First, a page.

Picchio, M; Treiber, U; Beer, AJ; Metz, S; Bössner, P; van Randenborgh, H; Paul, R; Weirich, G; Souvatzoglou, M; Hartung, R; Schwaiger, M; Piert, M
Value of 11C-Choline PET and Contrast-Enhanced CT for Staging of Bladder Cancer: Correlation with Histopathologic Findings.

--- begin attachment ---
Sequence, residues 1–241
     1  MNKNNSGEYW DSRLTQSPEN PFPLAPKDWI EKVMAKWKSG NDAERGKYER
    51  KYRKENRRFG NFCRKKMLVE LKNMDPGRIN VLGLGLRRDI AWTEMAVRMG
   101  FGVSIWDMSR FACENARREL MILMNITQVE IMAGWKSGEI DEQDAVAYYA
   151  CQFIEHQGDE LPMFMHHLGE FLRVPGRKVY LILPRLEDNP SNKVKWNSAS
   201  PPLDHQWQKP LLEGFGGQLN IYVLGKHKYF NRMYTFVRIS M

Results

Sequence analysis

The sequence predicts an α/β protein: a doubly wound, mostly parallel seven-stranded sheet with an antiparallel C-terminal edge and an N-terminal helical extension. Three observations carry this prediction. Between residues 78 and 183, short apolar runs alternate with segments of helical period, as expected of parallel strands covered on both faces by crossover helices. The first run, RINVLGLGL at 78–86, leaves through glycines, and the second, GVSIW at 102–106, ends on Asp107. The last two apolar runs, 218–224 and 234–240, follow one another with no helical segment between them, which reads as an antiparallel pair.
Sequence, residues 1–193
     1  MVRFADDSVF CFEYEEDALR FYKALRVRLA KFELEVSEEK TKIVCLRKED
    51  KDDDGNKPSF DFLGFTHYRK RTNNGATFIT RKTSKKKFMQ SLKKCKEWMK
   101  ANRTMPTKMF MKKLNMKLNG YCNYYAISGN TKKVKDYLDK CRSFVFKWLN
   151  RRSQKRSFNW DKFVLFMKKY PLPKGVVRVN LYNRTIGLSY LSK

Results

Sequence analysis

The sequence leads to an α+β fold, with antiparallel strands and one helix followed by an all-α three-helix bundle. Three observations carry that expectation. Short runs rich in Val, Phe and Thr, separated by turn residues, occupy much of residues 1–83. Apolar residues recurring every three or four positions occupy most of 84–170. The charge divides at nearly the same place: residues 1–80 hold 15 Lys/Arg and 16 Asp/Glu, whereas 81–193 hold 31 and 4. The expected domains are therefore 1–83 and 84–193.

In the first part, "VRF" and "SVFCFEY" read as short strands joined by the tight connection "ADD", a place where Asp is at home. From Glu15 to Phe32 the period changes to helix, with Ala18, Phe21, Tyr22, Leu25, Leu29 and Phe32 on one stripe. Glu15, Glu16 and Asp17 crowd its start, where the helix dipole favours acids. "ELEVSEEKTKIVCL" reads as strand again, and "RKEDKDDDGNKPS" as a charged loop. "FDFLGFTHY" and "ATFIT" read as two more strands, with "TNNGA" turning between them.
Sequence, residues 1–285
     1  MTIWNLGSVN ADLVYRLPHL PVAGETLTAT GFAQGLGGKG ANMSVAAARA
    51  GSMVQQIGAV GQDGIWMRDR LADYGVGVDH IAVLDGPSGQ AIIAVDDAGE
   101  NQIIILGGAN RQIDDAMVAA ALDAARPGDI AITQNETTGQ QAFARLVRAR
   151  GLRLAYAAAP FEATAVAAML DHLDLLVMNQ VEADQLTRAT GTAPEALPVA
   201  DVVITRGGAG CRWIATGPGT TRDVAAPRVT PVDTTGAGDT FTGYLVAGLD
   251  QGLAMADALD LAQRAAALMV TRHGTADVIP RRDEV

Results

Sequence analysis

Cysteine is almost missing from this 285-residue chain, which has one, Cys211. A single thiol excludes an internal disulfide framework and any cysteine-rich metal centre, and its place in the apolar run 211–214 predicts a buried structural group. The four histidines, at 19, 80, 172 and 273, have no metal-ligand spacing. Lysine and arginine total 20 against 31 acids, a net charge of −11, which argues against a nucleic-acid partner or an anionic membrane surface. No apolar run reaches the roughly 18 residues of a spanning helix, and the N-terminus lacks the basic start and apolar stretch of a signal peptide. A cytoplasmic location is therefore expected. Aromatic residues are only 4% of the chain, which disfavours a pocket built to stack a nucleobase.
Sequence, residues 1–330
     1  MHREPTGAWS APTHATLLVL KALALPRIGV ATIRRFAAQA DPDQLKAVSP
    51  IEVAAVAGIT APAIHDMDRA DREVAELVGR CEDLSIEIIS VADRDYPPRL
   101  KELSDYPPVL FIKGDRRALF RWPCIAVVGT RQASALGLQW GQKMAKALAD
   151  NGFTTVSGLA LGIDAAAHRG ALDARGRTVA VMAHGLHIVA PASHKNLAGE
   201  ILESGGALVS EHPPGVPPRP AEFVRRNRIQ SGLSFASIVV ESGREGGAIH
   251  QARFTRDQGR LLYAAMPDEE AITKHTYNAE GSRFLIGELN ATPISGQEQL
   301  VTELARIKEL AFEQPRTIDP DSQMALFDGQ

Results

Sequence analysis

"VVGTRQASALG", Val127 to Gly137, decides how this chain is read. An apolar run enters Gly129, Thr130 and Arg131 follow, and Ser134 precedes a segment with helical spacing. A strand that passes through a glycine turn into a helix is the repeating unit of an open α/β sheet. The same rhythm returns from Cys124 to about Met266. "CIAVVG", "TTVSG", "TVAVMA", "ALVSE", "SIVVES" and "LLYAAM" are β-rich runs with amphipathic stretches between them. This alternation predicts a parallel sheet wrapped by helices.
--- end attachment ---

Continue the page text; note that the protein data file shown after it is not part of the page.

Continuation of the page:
Lymph node involvement is a major prognostic factor in bladder cancer, but the accuracy of conventional imaging modalities for the prediction of regional and distant metastatic diseases is limited. This study was performed to compare the diagnostic accuracies of contrast-enhanced CT and PET with (11)C-choline for the staging of urothelial bladder cancer. METHODS: Twenty-seven patients (median age, 69.1 y) who had urothelial bladder cancer and who were referred for radical cystectomy and pelvic lymph node dissection (PLND) on the basis of a histologic evaluation after transurethral resection of bladder cancer (TURB) were studied. PET scanning, using 2 multiring whole-body tomographs, was performed 5 min after intravenous injection of approximately 370-500 MBq of (11)C-choline. In addition, conventional bone scintigraphy and contrast-enhanced CT were performed. After imaging, cystectomy and PLND were performed in all patients. Pathologic (11)C-choline uptake that could not be explained by intestinal activity was noted as a positive result. Node positivity was determined by size on CT: nodes measuring more than 1 cm in the long axis were described as being positive for tumor. Histopathologic findings were used as a reference. RESULTS: The presence of residual bladder cancer (pTa-pT4) was correctly detected in 21 of 25 histologically tumor-positive patients (84%) by CT and in 24 of 25 patients (96%) by (11)C-choline PET. Lymph node involvement was correctly detected in 4 of 8 patients (50%) by CT and in 5 of 8 patients (62%) by (11)C-choline PET. The median size of the 3 nodes with false-negative PET results was 9 mm (range, 6-21 mm), and the median size of the metastatic lesions within the lymph nodes was 3 mm (range, 1-15 mm). CT resulted in 6 (22%) false-positive lymph nodes, whereas none was demonstrated by (11)C-choline PET; these data indicated a significantly higher accuracy of PET than of CT (P< 0.01). Both modalities missed a small peritoneal metastasis verified by histologic evaluation. No positive results were obtained from bone scintigraphy. CONCLUSION: These preliminary data suggest that (11)C-choline PET is comparable to CT for detecting residual bladder cancer after TURB but appears to be superior to CT for the evaluation of potential additional lymph node metastases. (11)C-choline PET should be further evaluated for staging in patients who have bladder cancer and who are scheduled for radical cystectomy.